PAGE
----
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What is the difference between an executor, administrator and a trustee in a will?

Understanding the difference between an executor, an administrator and a trustee and their roles and responsibilities can be confusing and we are often asked to help when clients face complications arising from this.  Here, Laura Cowan, head of Graysons’ private client team offers a brief explanation to help clarify the situation.

Last updated on June 19th, 2024 at 11:12 am

executor administrator trustee

Laura Cowan

Essentially, an executor and an administrator carry out the same duties in relation to the administration of an estate and are both known as personal representatives. Both are responsible for dealing with a person’s estate after they have died. However, there are some differences.

What is an executor?

An executor is a person who has been named in a will to administer the estate of the deceased. Whilst it is not legally necessary to tell the executor they are being named, it is advisable as they can refuse to act when the time comes.

If necessary, executors will apply for a grant of probate that will confirm their authority to act.

An executor must be aged 18 or over, mentally capable, not bankrupt and not in prison.

It is normal to appoint one or two executors – the legal maximum is four. The most common choices of people to be executors are a spouse or civil partner, children, a legal professional, a friend or another member of their family.  Beneficiaries of an estate can be appointed as executors.

What is an administrator?

An administrator is a person who administers the deceased’s estate when they have not left a will.  Only certain people can act as administrators and this is set out in The Non-Contentious Probate Rules 1987.

Applications can be made to the court for the grant of letters of administration by the people mentioned below – in order.  The court will appoint an administrator from this list.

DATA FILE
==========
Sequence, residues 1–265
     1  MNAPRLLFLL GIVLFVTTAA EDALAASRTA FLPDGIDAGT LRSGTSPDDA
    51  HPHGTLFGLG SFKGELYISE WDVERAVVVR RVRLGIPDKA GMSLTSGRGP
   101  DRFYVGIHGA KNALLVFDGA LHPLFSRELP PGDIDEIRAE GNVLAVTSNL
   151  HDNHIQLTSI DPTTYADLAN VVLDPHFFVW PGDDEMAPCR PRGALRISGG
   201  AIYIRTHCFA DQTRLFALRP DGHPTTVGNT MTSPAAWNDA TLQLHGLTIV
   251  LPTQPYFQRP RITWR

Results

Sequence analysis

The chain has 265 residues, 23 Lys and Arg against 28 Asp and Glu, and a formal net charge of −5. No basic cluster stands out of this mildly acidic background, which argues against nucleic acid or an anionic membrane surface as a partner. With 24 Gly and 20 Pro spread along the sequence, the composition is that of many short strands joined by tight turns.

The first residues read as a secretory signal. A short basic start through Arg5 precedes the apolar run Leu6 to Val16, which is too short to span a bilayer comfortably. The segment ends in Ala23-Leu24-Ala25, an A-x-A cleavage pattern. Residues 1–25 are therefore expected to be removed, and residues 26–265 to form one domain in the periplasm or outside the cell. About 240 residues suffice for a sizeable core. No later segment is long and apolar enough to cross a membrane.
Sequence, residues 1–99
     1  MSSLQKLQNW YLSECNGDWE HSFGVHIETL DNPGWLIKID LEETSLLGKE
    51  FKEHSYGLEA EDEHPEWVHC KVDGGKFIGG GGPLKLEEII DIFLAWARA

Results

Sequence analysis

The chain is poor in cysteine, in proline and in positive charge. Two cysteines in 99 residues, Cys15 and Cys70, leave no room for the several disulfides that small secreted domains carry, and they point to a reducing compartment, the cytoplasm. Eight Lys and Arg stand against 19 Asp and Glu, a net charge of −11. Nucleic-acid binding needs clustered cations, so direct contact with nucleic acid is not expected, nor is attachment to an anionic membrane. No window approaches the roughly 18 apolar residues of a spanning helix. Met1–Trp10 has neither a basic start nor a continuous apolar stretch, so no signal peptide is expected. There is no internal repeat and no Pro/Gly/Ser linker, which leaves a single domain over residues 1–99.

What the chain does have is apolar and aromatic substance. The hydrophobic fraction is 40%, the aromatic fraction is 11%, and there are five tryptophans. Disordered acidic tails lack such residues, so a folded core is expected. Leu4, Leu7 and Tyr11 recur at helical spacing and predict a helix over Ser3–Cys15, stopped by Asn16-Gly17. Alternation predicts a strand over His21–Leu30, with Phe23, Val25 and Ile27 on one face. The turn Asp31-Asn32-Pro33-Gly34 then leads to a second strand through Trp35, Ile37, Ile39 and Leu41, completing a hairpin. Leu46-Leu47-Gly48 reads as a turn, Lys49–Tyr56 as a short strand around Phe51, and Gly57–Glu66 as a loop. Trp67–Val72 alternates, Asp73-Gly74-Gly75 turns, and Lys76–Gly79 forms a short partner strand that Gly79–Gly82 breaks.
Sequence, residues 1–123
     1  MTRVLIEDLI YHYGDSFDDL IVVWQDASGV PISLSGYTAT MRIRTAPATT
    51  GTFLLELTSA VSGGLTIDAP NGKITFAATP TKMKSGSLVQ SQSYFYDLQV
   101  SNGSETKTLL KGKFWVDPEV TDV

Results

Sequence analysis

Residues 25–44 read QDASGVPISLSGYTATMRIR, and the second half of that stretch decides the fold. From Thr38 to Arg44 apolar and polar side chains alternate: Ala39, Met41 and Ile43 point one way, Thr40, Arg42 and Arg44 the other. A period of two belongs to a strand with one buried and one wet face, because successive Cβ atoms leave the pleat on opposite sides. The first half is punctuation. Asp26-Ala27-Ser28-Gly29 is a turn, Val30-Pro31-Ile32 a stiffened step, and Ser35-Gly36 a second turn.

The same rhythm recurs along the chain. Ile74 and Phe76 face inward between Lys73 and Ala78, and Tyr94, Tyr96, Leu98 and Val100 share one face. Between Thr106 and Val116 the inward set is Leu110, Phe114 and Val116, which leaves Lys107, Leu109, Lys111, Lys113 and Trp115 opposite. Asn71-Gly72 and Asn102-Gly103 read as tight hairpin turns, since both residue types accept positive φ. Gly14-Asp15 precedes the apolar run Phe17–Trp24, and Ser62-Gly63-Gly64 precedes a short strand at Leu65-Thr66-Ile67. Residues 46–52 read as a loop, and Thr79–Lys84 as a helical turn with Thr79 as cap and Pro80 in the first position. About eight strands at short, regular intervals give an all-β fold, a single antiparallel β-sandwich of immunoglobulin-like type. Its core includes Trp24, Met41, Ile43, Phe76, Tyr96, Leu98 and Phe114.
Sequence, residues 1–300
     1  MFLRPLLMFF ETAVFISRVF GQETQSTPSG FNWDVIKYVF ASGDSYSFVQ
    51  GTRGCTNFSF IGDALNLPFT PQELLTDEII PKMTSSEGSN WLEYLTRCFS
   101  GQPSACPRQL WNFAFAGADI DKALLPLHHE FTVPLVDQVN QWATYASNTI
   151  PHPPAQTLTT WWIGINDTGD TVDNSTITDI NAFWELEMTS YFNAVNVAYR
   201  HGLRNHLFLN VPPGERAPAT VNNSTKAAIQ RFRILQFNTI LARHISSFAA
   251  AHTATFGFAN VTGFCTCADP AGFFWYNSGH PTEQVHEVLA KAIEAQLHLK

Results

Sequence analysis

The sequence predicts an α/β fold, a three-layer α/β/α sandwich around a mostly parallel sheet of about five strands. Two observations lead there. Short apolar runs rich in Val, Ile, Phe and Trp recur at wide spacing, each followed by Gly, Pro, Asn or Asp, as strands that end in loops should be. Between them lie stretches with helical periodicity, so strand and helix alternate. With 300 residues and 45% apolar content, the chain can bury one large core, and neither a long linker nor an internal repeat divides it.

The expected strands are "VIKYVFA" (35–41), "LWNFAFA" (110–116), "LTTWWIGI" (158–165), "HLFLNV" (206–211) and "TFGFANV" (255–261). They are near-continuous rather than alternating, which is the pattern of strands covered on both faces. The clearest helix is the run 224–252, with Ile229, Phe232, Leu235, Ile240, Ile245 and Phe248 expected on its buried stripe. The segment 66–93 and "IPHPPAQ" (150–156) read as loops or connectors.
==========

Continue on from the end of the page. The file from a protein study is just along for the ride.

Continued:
• Spouse or civil partner.
  • Children or grandchildren where the child died before the deceased.
  • Father and mother.
  • Whole-blood brothers and sisters or their issue if the brother or sister died before the deceased.
  • Half-blood brothers and sisters or their issue if the half-blood brother or sister died before the deceased.
  • Whole-blood uncles and aunts or their issue if such uncles or aunts died before the deceased.
  • Half-blood uncles and aunts or their issue if such uncles or aunts died before the deceased.

If this list is exhausted, the Crown may claim the estate, or if there is an unpaid debt, the creditor may apply for the grant of administration in order to recoup the debt.

As with an executor, an administrator must be aged 18 or over, mentally capable, not bankrupt and not in prison.

If the deceased left a will but did not name executors, or the named executors cannot or will not act, an application for a ‘grant of letters of administration with will annexed’ must be applied for and this is usually by beneficiaries named in the will.

What are the most common duties of an executor or administrator?

  • Registering the death.
  • Notifying relevant organisations, such as banks, of the death.
  • Obtaining the grant of representation – either probate or letters of administration.
  • Valuing the estate and calculating and paying inheritance tax.
  • Collecting the deceased’s assets, which can include selling property.